Many cloud services already provide service availability monitoring tools, but these are often limited to monitoring of server or service up-time. Server or service up-time is but one of the aspects of service availability that need to be addressed as cloud services are dependent on much more than just the physical or virtual server on which they reside. Increasingly, the data communication infrastructure supporting the cloud service from the provider to the consumer also needs to be assured even though this might be outside the direct control of the service provider.  

To ensure mainstream adoption of cloud services, consumers must be confident that the services that are required or the data that is hosted by cloud services is available quickly when and where they need it. Otherwise, why not continue with current approaches? Mainstream consumers are noted for being more conservative and pragmatic in their choice of solutions, so addressing this concern must be a top priority for continued expansion of cloud service adoption.

Therefore, building the infrastructure to test and monitor cloud services is essential.

Testing and monitoring cloud services

From a testing and monitoring perspective, there are a number of layers one can address:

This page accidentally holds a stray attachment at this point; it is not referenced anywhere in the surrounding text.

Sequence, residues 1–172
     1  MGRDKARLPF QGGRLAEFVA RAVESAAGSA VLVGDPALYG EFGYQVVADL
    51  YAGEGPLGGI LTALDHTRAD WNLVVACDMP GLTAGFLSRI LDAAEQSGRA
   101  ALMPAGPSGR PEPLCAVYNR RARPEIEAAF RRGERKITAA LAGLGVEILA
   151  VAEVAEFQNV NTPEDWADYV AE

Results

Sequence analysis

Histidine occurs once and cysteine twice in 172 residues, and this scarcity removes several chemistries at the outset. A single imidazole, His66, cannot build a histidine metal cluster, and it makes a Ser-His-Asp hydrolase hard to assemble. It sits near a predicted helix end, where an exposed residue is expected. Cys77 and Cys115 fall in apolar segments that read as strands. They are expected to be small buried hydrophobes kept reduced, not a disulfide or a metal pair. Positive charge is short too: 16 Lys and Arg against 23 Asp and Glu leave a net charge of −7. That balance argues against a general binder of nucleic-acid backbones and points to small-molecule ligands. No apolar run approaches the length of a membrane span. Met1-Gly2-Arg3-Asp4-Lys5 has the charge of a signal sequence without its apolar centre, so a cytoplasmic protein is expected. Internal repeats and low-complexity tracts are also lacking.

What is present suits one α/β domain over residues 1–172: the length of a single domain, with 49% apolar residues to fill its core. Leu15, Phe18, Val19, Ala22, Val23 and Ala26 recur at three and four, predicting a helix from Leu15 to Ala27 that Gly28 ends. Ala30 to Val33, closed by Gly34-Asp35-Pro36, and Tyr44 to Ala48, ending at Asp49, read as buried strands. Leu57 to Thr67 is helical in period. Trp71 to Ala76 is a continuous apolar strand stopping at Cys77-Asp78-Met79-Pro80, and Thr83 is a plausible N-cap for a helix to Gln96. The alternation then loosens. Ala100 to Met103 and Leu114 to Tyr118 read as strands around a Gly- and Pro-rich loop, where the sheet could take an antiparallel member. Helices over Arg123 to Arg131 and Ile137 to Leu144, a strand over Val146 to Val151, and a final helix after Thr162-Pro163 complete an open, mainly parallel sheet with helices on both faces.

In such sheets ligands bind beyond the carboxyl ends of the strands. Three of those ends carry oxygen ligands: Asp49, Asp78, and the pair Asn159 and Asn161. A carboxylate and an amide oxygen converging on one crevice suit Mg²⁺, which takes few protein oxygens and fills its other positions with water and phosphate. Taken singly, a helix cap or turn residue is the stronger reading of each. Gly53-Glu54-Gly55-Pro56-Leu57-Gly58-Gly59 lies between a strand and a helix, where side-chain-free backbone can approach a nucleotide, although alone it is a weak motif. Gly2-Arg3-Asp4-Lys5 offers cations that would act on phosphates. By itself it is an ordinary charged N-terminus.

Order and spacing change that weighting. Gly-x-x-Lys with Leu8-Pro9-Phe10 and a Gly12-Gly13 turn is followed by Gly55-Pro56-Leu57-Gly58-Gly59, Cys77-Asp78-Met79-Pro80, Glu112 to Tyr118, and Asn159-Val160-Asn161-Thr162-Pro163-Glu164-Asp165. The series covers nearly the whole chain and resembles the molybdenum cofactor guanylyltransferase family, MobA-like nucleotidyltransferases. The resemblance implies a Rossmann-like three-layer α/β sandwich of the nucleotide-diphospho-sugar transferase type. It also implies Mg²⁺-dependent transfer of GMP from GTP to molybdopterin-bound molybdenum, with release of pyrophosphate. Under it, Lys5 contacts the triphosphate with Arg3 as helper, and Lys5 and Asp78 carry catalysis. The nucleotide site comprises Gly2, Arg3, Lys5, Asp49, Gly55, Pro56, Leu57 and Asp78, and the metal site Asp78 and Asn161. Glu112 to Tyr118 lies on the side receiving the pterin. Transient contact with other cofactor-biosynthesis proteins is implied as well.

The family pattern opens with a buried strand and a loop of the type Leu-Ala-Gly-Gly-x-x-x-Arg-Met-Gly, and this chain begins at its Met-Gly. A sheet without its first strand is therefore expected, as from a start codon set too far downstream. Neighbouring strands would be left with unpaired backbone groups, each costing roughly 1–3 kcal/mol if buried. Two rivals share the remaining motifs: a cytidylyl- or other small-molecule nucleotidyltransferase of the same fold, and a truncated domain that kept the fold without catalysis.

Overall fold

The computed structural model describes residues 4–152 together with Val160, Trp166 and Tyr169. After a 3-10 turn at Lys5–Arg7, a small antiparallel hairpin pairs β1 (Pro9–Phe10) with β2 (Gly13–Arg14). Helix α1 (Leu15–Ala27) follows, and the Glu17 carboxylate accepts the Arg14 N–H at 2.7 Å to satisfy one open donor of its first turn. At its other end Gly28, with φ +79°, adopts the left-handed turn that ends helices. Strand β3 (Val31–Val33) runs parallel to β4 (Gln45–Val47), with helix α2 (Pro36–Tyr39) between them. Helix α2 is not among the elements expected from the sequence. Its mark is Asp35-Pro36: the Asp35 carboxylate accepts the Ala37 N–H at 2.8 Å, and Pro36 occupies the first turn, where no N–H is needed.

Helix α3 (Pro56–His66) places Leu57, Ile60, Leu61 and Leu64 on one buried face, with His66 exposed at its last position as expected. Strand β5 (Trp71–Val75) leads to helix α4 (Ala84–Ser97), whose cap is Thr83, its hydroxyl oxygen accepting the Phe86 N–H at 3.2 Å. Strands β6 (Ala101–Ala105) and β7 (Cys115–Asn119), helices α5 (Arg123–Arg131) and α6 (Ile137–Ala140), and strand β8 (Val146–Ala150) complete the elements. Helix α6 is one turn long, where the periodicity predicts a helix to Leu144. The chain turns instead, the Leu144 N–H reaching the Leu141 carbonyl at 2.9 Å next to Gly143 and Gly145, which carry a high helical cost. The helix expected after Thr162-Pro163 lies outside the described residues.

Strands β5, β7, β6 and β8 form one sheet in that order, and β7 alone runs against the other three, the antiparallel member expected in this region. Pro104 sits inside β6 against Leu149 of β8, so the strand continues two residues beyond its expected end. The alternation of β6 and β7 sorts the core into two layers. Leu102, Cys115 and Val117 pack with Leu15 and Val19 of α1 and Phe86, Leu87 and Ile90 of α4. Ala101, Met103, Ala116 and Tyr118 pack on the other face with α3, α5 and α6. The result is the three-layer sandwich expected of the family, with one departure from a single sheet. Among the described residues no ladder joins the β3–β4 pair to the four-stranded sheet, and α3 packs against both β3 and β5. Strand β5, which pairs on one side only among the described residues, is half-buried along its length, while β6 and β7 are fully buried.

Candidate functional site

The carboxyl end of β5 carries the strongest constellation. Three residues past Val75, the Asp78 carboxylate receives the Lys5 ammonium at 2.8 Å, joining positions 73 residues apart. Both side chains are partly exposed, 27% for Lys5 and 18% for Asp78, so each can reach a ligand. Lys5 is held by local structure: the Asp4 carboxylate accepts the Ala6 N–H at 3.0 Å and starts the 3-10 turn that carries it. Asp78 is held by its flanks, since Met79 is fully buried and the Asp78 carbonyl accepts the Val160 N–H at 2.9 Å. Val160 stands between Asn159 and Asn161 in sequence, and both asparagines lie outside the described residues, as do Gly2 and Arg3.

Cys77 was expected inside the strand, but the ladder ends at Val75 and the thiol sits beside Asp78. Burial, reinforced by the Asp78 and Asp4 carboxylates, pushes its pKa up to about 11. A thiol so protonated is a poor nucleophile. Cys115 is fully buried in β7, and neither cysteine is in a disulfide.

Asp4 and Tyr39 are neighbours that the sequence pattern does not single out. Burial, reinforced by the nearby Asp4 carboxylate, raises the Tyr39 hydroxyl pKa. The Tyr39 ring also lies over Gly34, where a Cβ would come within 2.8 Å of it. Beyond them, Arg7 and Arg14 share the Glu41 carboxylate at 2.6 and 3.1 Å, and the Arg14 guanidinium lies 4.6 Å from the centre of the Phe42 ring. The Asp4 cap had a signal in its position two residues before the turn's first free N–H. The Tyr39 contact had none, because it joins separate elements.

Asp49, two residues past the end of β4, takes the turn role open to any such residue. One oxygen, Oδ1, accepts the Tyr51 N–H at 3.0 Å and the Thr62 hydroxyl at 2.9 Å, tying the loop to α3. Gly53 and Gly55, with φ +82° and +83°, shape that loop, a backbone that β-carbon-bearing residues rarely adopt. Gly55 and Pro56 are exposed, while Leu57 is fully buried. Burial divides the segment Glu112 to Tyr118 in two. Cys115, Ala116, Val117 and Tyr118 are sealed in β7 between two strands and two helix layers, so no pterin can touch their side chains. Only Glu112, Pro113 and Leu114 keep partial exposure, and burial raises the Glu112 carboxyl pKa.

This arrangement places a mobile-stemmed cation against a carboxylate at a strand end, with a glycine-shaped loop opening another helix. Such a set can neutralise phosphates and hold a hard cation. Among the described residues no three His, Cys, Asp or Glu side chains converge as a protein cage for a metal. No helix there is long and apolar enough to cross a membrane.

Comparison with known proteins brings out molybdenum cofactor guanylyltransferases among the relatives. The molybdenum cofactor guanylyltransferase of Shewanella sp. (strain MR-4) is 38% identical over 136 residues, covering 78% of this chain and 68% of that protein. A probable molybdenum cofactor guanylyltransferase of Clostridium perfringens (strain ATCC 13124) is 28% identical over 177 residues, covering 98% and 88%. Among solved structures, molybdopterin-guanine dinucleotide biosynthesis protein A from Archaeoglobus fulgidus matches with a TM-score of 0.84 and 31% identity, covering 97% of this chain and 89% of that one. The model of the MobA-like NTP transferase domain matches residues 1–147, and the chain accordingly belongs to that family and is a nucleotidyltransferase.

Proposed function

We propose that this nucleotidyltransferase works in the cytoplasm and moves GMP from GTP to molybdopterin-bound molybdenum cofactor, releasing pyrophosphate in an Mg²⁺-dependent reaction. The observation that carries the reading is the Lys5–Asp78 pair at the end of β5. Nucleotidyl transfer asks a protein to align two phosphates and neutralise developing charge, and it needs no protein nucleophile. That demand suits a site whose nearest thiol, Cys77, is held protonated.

•    The Wide Area Network (WAN) providing data communication services between the enterprise customer and the cloud service – fundamental to service assurance and testing of end-to-end service availability

•    The data center infrastructure comprising servers and data communication between servers (LAN), where service availability and uptime of this equipment is key as well as efficient use of resources to ensure service efficiency

•    The monitoring infrastructure in the data center that is the basis for service assurance which itself needs to efficient

•    The individual servers and monitoring appliances that are based on servers that must also follow efficiency and availability principles to assure overall service efficiency and service availability
Testing end-to-end

The first test that can be performed is testing end-to-end availability. At a basic level, this involves testing connectivity, but can also involve some specific testing relevant for cloud services, such as latency measurement. Several commercial systems exist for testing latency in a WAN environment. These are most often used by financial institutions to determine the time it takes to execute financial transactions with remote stock exchanges, but can also be used by cloud service providers to test the latency of the connection to enterprise customers.